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February 25, 2013

HAYDEN: Marijuana’s movement

INDIANAPOLIS — In the flurry of activity at the Statehouse in recent weeks, I missed reporting some sad news for stoners: The legislation to decriminalize marijuana is dead. 

State Sen. Karen Tallian’s bill to make possession of two ounces of marijuana into an infraction, like a speeding ticket, died when it didn’t get a hearing in the Committee on Corrections and Criminal Law before a critical deadline passed. 

Tallian’s response was anything but mellow. The Democratic grandmother from Ogden Dunes told The Times of Northwest Indiana reporter Dan Carden, “I don’t understand why they refused to even hear it. We have certainly heard some really idiotic bills in that committee.” 

Setting aside the question of idiocy in the General Assembly, here’s news that may hearten those who’ve been following the pot debate:  Legislation that would roll back Indiana’s marijuana laws — some of the toughest in the nation — is still very much alive. 

Tucked inside a 400-plus-page bill to overhaul Indiana’s criminal code is language that would turn most felony-level marijuana crimes into mere misdemeanors. It puts an end to the reefer madness of a past General Assembly that made possession of marijuana a felony if you’d been caught once before or had more than one ounce.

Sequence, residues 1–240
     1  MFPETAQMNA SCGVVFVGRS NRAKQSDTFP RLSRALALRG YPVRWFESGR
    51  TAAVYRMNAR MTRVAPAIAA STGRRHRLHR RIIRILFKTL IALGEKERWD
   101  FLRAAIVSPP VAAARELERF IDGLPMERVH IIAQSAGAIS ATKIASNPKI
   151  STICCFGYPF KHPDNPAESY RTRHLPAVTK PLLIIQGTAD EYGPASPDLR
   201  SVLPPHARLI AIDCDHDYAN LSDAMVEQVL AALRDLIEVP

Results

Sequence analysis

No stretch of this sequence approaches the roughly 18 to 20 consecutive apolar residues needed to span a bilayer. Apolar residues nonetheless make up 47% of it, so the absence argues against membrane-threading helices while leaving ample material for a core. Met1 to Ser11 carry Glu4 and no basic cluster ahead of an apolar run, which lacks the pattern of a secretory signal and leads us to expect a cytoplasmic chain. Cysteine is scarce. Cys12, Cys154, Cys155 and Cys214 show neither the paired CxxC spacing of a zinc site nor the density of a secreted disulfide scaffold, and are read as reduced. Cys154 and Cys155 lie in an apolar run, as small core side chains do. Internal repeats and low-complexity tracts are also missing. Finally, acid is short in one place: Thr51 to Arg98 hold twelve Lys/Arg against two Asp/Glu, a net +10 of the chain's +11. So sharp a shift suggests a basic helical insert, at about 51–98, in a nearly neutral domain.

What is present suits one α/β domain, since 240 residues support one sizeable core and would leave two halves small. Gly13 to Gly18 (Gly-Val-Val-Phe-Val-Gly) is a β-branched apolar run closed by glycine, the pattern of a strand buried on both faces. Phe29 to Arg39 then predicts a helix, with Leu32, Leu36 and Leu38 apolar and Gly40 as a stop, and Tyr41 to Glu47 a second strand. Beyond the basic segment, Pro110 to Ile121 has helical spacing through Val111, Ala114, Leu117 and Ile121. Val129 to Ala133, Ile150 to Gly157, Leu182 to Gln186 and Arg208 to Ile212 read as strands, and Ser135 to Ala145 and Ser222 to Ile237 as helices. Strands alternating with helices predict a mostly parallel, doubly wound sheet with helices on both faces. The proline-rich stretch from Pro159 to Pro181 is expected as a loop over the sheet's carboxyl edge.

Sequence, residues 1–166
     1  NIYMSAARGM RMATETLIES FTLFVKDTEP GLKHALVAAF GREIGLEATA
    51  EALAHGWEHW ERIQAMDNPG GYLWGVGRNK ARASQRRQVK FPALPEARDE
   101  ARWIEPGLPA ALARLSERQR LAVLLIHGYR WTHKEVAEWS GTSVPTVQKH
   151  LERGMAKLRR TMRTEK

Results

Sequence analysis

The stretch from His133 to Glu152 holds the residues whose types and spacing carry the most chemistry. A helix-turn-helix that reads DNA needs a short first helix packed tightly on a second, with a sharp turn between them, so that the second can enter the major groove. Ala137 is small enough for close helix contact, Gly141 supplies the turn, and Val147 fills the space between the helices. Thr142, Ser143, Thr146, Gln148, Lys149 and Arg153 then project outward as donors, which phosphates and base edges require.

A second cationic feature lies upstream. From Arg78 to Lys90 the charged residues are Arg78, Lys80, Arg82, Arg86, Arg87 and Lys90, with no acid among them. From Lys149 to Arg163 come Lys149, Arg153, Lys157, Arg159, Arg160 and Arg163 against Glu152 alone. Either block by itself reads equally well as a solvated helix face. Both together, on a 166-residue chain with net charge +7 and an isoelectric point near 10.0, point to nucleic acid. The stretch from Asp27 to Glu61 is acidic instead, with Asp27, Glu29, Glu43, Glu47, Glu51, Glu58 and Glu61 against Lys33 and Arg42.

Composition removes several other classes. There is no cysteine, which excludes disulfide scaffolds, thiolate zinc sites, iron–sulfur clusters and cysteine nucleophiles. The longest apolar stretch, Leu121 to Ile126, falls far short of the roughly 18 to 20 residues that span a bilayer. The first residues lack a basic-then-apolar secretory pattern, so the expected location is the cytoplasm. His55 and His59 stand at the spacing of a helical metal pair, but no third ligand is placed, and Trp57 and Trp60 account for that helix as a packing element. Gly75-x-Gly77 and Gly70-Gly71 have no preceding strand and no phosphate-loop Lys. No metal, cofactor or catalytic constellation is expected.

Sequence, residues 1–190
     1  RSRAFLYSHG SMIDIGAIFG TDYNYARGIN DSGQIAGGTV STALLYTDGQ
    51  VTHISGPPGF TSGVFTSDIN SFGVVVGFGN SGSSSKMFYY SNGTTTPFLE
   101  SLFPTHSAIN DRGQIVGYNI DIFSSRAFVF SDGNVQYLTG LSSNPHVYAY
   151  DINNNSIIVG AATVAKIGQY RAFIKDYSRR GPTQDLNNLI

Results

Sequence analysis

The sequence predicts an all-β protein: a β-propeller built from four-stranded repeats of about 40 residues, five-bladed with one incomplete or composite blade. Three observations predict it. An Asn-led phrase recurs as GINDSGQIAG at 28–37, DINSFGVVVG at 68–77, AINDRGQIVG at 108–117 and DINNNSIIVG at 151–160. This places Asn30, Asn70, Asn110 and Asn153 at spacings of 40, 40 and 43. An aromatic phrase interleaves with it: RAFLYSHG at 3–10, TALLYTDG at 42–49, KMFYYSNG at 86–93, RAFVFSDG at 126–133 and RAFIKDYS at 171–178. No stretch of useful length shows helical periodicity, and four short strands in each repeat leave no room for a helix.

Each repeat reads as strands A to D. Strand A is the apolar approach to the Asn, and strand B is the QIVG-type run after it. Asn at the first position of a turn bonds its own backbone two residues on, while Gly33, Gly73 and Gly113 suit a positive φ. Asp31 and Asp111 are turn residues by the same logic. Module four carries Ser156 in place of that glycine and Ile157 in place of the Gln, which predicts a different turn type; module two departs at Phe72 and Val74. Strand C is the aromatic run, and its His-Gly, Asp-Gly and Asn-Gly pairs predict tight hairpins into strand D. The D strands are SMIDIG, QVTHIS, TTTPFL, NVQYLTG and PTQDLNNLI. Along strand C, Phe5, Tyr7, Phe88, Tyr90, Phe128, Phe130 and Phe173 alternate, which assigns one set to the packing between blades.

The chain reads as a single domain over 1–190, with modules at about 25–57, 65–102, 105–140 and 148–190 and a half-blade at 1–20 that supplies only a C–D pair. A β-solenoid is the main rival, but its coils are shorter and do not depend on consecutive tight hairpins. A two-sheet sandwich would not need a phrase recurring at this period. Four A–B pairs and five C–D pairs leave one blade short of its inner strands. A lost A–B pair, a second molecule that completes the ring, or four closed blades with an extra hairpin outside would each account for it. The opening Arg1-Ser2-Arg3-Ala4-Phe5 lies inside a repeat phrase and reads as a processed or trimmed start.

So it would still be a crime to get caught with cannabis, but no longer a crime that could land you in prison or make you automatically lose your driver’s license. 

The four co-authors of the criminal code reform bill make for an interesting alliance. The two conservative Republican authors are Hendricks County lawyer Greg Steuerwald and former deputy prosecutor Jud McMillin of Brookville. The two liberal Democratic authors are Bloomington lawyer Matt Pierce and retired Hammond police officer Linda Lawson. 

They all had a role to play in crafting a bill that’s been several years in the making and has won strong bipartisan support. The full House is expected to vote on the bill today, then send it to the Senate where the legislation has strong allies. 

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